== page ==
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Sunday, 3 August 2014

Buyer's Remorse...?

First world Problems II - The store called, the thing I ordered came in I don't like it, it's not what i was expecting
... when you'd been shopping for human beings?

First World Problems indeed....  First World, on so many levels, entitlement, playing God, exploitation of 3rd world labor...

But you see, this wasn't what they had been comissioned:
THIS was:
A campaign has begun in Australia to raise funds for baby Gammy, a 6-month-old boy with Down’s Syndrome and congenital heart disease currently living in Thailand.

He was born to a 21-year-old Thai woman [who] was to be paid A$11,700 to be the surrogate mother, and has told media that she agreed to the arrangement because she had a large debt that she would not otherwise be able to pay. After implantation of the embryos, it was discovered [she] was pregnant with twins.  She was offered an additional A$1,637 for the second child.
Four months into the pregnancy, one of the twins was diagnosed with Down's Syndrome.  The Australian couple insisted that [she] undergo an abortion, but she refused because she considered abortion to be a sin.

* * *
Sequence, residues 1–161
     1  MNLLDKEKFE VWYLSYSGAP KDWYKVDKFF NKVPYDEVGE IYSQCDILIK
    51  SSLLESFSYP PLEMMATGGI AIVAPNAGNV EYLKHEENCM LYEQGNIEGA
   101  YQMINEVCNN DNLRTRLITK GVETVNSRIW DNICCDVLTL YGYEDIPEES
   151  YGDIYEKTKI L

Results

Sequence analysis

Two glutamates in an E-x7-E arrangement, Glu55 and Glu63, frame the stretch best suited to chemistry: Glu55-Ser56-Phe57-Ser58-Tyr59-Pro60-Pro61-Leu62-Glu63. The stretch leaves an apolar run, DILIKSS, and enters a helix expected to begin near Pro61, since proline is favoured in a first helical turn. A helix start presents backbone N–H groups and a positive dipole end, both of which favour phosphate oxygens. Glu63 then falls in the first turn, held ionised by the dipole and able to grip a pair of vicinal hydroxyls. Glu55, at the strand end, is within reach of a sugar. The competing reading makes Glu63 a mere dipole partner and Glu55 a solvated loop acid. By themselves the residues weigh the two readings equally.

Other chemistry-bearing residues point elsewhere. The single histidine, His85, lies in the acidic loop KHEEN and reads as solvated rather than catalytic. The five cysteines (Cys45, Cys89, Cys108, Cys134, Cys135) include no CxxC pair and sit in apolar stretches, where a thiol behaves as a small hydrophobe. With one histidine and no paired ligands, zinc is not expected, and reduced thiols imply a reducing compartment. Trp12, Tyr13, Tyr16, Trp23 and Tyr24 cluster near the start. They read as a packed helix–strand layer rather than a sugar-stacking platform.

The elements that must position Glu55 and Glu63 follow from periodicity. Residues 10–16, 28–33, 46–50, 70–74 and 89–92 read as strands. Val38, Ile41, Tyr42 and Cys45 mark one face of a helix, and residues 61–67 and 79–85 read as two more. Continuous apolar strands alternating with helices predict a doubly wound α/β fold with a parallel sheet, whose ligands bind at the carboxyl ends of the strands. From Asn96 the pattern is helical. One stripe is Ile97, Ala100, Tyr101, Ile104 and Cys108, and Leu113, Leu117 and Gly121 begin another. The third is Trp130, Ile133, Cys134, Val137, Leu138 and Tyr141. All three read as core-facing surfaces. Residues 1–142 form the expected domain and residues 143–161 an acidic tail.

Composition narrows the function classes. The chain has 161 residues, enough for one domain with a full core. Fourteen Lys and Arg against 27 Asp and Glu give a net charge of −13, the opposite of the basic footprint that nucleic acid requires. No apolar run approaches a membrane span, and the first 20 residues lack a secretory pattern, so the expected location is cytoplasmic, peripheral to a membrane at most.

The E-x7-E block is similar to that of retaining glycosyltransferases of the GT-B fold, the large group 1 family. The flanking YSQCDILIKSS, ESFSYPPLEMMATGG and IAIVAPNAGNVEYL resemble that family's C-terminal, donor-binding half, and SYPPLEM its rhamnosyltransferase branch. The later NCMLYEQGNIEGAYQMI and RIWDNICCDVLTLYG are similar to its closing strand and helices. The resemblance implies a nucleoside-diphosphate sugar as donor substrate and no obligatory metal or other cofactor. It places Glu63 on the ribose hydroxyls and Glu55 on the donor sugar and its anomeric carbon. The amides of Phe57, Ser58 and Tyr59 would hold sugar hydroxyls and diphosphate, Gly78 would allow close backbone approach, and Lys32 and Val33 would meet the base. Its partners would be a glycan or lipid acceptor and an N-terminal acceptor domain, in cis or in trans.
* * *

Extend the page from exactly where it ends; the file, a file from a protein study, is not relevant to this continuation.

[The surrogate] gave birth to Gammy and also to a healthy baby girl. In addition to Down’s Syndrome, Gammy also has congenital heart disease.  The Australian couple took the baby girl, but left Gammy behind to be cared for by his mother, who was paid just under A$11,000 of the money promised to her.....The limited permissibility of surrogacy in Australia has given rise to a form of reproductive tourism, with Australians travelling overseas to enter into commercial surrogacy arrangements.  Reproductive tourism is now a multi-billion dollar industry.
India has been a popular destination for Australians, but because Indian law only allows heterosexual couples to participate in surrogacy arrangements, Thailand is becoming increasingly popular for same-sex couples and single people.  ... Until recently, Thai law ... required the surrogate mother to be single because, if she was married, her husband automatically becomes the child’s father under Thai law.
What this meant was that the only women who were eligible to be surrogates were single mothers, leading to the risk that vulnerable women could be exploited in surrogacy arrangements....
Following the case of baby Gammy and others similar incidents where biological parents have rejected a baby born with a “defect” and withheld payment from the surrogate mothers, the Thai government has tightened its laws.  Commercial surrogacy is no longer permitted in Thailand.
The fundraising site for Gammy is: http://www.gofundme.com/bxci90

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